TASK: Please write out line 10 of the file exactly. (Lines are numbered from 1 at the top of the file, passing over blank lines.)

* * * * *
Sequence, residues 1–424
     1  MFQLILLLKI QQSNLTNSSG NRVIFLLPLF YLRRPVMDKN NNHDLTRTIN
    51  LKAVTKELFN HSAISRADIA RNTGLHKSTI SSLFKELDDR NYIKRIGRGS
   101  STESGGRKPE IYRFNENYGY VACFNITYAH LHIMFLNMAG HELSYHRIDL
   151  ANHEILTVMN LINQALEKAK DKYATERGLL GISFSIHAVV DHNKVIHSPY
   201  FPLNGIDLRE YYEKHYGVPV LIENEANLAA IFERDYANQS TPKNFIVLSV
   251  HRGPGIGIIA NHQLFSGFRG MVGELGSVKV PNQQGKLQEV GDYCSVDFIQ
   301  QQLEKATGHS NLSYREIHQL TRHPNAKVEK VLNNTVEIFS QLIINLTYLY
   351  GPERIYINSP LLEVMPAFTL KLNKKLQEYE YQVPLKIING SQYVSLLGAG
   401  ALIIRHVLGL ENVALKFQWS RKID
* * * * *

   401  ALIIRHVLGL ENVALKFQWS RKID